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Human Rights Day: Bill Hass

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On December 10, 1948,  at the United Nations General Assembly, Eleanor Roosevelt was the first to proclaim to the world the Universal Declaration of Human Rights.  On Human Rights Day sixty-six years later, Bill Hass, United Nations veteran and president of United Nations Association of Southwestern Connecticut, talks about the status of human rights among the UN’s 193 member states today.  (Broadcast on WPKN, December 10, 2014)

Podcast Archive

Jenny Nordberg: The Underground Girls of Kabul

Underground Girls of Kabul

Jenny Nordberg talks about her just published and most fascinating book The Underground Girls of Kabul: in search of a hidden resistance in Afghanistan. The book tells her discovery of bacha posh, a secret, hidden practice in which parents disguise … View full post

Raza Rumi on hospitality

RazaRumi

A Tidings conversation about hospitality, friendship and loyalty with Raza Rumi, a Pakistani journalist, blogger, author of Delhi by Heart: Impressions of a Pakistani traveller and follower of Sufi thought.  The subject of hospitality holds a certain irony for Raza … View full post

Dougald Hine: Dark Mountain

Dougald Hine

“The end of the world as we know it is not the end of the world full stop,” says Dougald Hine, speaking from Sweden via Skype.  Dougald, named by The Guardian as one of Britain’s fifty new radicals,  is best known for … View full post

Tom Rawinski, botanist and conservationist

TomRawinski

Tom Rawinski is a botanist with the USDA Forest Service in Durham, New Hampshire. Specializing in the impact of the overabundant white-tailed deer population on native vegetation in America’s northeast region, he is committed to protecting our ecosystem through wildlife … View full post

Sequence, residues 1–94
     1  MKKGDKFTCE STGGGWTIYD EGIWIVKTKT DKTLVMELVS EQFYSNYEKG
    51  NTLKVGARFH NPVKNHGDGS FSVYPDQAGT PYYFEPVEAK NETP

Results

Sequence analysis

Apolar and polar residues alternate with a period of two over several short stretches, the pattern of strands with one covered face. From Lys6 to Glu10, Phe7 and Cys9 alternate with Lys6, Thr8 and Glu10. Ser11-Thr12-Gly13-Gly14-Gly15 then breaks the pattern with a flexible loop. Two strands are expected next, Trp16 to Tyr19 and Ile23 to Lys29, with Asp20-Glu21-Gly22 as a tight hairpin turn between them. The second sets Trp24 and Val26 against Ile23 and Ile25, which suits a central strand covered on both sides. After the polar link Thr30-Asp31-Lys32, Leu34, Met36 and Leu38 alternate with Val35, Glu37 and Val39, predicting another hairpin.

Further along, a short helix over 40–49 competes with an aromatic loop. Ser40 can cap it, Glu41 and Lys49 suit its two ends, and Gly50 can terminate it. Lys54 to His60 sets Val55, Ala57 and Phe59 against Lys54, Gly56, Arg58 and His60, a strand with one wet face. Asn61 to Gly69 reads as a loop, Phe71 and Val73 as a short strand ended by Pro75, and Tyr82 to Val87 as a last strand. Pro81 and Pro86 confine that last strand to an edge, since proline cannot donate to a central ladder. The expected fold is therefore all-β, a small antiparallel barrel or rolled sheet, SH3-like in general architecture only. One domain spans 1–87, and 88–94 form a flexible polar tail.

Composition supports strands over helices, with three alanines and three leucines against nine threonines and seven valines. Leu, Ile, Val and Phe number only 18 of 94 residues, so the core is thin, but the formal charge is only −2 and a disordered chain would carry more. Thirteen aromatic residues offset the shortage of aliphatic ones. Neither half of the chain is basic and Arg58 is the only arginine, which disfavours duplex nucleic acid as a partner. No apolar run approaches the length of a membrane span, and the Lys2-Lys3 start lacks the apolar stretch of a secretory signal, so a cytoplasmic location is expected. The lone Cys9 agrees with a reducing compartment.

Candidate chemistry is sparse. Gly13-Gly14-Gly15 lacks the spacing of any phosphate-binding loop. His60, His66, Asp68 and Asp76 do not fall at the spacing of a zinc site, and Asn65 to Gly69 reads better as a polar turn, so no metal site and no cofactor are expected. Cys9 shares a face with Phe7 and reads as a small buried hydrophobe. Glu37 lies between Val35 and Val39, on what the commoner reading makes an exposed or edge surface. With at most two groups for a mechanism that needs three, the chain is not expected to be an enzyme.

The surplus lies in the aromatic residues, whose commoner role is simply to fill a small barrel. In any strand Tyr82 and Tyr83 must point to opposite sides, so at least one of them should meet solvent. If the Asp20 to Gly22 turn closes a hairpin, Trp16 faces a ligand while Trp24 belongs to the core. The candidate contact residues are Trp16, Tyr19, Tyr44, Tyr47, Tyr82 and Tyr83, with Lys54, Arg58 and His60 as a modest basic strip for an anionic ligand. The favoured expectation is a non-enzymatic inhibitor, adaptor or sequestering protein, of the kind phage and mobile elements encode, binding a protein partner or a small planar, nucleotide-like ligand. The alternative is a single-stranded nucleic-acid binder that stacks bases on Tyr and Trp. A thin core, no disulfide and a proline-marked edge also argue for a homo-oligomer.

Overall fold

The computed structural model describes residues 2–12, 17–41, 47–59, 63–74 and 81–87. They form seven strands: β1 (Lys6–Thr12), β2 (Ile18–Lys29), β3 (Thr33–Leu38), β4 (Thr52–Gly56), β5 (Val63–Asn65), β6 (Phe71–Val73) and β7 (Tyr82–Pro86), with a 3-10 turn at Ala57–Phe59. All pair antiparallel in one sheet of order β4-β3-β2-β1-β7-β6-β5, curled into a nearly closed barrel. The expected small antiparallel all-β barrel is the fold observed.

Rasta artists in Jamaica

Rani Carson at work

This month Tidings  brings you conversations with two Rasta artists from Oracabessa on the north coast of Jamaica.  (WPKN broadcast on May 14, 2014)  Rani Carson talks about her journey from growing up Jewish to becoming a Rasta artist.  See Rani Carson’s … View full post

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Blog Archive

When Jews Found Refuge in Pakistan

Growing Up Jewish in Lahore — And in an Internment Camp COURTESY OF HAZEL KAHAN Not Your Typical German Anti-Nazis: From left, Hazel Kahan, her mother Kate, and her brother Michael, in Lahore, Pakistan, in 1948.   By Gabe Friedman Published October … View full post

The Story of Leafages

Yet why not say what happened? Here’s everything I have to say about leafages since I made the first one in the year 2000.  It was published by the wonderful Storyacious magazine.

Afghan teenagers speak out about US troops

Global Days of Listening is the project of Afghan Peace Volunteers (APV) who invite people around the world to talk directly on the 21st of each month via livestream and Skype sessions with youth in Afghanistan and other war-torn countries, to listen … View full post

My own private letter writer

Now a dying species, letter writers were a staple of Lahore culture when I was growing; they were literate and multilingual in a society where the majority was illiterate.  Despite the competition from technology and literacy, letter writers still survive, … View full post

Begging and Beggars

Begging: a profession? a misfortune? a job? a scourge? a spiritual practice? an industry? a stain on society? freedom of choice? Like tipping, the subject of my previous post, begging creates an unequal relationship between giver and receiver, an unbalanced … View full post

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